Connecting the influence, reach and output of Emerging Media

Sharing gone Wrong

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In a world that is becoming more mobile every day, social media networking is growing. People now urge to Tweet there every thought, upload pictures of themselves or their meals via Instagram, and share videos with the world on Youtube. One of the newest application cravings is for SnapChat.

SnapChat is a free mobile application that allows users to share pictures, for a limited time period (10 seconds at the longest) before the pictures are deleted. I.E. a new flawless applicant for sexting right? Wrong!

Recently at Ridgewood High School, in New Jersey, nude photos of two female students were sent through the application and captured, then posted on Instagram for the world to view, making permanent what was supposed to be a temporary “snap.”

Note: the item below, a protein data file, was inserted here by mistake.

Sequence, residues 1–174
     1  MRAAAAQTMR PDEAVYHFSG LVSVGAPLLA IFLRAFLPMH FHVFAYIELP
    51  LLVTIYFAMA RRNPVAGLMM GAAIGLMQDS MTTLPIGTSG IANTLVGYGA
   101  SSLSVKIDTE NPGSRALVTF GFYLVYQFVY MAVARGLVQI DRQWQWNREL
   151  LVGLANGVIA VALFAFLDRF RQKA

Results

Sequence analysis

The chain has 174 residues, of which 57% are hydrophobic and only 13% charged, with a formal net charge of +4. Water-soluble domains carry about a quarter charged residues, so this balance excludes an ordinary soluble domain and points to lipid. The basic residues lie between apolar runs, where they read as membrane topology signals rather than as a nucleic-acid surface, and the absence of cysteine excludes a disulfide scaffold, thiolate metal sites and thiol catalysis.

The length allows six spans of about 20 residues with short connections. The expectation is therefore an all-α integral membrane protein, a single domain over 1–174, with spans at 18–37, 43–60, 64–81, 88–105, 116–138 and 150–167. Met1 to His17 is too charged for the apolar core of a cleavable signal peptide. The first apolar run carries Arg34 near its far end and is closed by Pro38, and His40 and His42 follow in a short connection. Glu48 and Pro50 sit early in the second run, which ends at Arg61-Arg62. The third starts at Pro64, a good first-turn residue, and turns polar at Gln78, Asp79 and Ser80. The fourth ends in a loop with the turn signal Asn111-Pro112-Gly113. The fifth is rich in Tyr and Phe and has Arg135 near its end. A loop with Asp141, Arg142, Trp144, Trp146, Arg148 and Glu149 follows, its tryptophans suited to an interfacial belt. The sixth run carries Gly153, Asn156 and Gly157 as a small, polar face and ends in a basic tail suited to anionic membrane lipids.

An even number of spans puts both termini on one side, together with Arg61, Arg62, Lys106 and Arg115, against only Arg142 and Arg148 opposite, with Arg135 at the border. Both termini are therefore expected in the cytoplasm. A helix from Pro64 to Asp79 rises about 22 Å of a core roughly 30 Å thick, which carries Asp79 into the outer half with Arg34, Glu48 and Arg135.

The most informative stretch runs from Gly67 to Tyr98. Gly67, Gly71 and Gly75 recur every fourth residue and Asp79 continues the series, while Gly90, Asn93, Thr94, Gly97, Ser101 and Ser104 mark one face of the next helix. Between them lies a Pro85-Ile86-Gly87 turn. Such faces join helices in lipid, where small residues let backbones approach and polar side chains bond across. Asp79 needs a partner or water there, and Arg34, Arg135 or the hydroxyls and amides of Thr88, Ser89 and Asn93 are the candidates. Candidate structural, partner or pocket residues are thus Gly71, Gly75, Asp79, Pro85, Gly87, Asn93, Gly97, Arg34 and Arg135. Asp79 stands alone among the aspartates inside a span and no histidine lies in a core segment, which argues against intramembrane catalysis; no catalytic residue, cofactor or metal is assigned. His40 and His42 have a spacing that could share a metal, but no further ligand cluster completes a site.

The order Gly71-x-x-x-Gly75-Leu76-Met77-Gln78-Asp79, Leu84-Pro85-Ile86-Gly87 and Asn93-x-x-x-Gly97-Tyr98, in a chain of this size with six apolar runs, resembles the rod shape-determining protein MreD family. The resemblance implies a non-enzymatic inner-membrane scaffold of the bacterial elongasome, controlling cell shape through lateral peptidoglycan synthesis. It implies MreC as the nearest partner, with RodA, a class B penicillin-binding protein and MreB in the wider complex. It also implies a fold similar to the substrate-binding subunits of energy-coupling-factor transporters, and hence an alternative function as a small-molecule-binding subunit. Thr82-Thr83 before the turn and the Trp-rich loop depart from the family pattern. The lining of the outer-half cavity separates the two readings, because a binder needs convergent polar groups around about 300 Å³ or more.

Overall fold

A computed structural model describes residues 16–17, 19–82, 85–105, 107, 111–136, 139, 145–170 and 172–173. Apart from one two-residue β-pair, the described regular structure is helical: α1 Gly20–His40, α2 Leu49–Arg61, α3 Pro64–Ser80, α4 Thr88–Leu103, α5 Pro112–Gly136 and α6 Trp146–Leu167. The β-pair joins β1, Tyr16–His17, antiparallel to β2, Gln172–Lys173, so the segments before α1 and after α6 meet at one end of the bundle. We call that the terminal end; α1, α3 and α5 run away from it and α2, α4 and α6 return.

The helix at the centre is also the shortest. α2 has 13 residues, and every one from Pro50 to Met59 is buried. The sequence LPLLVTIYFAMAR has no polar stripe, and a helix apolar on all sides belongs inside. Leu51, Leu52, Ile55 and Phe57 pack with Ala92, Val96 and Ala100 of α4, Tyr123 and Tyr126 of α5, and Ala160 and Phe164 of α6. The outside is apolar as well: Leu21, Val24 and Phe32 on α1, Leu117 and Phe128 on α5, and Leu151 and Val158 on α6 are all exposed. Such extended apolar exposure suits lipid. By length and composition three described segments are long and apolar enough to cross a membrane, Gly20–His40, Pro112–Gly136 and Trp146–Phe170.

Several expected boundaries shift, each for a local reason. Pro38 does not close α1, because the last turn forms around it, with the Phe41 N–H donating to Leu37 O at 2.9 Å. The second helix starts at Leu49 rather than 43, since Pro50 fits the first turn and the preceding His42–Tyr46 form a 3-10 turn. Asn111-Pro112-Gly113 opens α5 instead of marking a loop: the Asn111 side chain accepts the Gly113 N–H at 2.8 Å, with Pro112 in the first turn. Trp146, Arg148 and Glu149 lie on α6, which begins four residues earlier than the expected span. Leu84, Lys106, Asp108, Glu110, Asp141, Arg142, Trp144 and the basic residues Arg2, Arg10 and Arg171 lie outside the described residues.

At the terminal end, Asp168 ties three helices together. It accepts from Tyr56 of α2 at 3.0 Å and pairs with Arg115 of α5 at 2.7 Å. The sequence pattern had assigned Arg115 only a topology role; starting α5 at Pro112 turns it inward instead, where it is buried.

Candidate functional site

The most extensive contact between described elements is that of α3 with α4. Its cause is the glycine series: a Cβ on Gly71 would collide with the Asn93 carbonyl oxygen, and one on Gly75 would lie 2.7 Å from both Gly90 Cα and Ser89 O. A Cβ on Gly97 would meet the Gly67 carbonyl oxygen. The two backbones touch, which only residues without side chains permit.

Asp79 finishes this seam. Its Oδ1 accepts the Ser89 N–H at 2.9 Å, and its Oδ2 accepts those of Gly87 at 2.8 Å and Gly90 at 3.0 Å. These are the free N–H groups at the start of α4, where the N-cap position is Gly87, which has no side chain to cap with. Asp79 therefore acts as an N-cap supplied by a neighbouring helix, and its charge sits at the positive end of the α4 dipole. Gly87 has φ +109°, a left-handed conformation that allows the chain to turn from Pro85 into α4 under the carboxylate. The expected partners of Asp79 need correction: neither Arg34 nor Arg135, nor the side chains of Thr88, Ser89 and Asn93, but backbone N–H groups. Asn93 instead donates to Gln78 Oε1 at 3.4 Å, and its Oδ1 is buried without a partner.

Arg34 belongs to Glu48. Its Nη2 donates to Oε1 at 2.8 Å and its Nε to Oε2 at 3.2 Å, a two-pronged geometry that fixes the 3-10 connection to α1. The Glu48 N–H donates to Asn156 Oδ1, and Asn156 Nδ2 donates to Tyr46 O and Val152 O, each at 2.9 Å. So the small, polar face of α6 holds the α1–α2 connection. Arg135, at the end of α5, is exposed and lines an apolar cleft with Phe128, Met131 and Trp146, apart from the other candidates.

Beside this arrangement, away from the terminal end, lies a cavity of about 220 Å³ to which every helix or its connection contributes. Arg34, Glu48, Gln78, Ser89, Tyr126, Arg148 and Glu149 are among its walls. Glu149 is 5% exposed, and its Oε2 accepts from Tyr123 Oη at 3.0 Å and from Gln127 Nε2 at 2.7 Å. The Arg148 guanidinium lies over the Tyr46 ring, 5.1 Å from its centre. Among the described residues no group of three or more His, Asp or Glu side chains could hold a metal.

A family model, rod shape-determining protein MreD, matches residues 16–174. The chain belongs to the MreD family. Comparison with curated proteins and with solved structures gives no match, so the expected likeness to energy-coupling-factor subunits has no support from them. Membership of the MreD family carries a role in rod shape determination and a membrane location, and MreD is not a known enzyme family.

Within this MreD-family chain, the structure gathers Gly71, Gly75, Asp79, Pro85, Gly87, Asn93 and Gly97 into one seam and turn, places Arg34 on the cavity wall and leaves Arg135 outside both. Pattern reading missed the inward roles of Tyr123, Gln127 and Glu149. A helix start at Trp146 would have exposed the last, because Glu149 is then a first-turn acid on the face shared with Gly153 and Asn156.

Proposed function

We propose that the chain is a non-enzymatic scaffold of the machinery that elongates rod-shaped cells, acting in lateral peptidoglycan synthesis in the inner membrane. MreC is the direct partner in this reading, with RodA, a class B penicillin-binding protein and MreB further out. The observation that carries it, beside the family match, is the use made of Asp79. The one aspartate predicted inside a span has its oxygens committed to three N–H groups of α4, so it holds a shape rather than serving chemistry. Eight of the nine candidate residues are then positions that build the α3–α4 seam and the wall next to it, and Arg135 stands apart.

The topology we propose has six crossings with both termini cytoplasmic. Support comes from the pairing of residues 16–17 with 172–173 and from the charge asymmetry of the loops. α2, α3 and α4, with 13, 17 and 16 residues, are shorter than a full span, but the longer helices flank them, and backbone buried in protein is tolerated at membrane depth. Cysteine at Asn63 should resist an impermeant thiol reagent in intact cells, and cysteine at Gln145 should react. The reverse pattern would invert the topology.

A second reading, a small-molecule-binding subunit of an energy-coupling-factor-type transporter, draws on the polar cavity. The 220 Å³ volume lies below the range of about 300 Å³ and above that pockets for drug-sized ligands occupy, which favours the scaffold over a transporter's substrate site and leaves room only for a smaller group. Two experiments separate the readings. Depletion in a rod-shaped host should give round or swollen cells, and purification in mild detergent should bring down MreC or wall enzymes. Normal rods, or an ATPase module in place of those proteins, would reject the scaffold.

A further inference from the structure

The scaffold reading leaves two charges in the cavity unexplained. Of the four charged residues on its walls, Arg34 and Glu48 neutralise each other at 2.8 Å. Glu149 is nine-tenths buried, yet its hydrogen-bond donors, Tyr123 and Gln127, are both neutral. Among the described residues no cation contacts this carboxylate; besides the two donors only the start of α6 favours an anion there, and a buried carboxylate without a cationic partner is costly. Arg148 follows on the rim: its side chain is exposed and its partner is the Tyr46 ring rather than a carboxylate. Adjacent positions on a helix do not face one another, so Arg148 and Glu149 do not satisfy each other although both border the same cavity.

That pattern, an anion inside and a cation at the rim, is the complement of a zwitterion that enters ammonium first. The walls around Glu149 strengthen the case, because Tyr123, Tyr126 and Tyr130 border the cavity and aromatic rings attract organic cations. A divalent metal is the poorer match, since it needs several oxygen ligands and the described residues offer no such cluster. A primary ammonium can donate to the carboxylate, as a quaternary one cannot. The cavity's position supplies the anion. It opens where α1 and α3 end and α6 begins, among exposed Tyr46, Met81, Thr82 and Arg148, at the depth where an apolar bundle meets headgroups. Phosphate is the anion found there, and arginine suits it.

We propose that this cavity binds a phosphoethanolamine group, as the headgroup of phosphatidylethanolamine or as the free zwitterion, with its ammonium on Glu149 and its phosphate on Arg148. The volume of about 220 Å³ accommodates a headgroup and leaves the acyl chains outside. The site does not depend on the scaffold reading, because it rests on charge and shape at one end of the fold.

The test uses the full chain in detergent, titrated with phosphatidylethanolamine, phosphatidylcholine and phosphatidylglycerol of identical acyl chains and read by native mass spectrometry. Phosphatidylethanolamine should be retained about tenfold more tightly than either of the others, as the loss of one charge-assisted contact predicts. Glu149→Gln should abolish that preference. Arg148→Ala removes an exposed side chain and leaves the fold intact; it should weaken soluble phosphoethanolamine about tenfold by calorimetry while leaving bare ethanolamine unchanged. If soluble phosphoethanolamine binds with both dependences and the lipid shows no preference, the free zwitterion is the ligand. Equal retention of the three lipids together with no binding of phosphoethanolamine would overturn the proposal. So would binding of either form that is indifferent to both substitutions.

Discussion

Another instance has resulted in the rape trial of two Steubenville, Ohio teenagers. The teens had “messages, photos and videos from a drunken party incriminated them. Other teens at the party shared videos and comments about the victim on Facebook and Twitter, as well as via graphic text messages. Those postings spread beyond the high school students’ circle, with individuals and groups, such as the hackitivist collective Anonymous, publicizing the night’s events on the Internet. The growing use of smartphones and the rise of Instagram, Twitter and Facebook have helped prosecutors and defense lawyers make their cases.”

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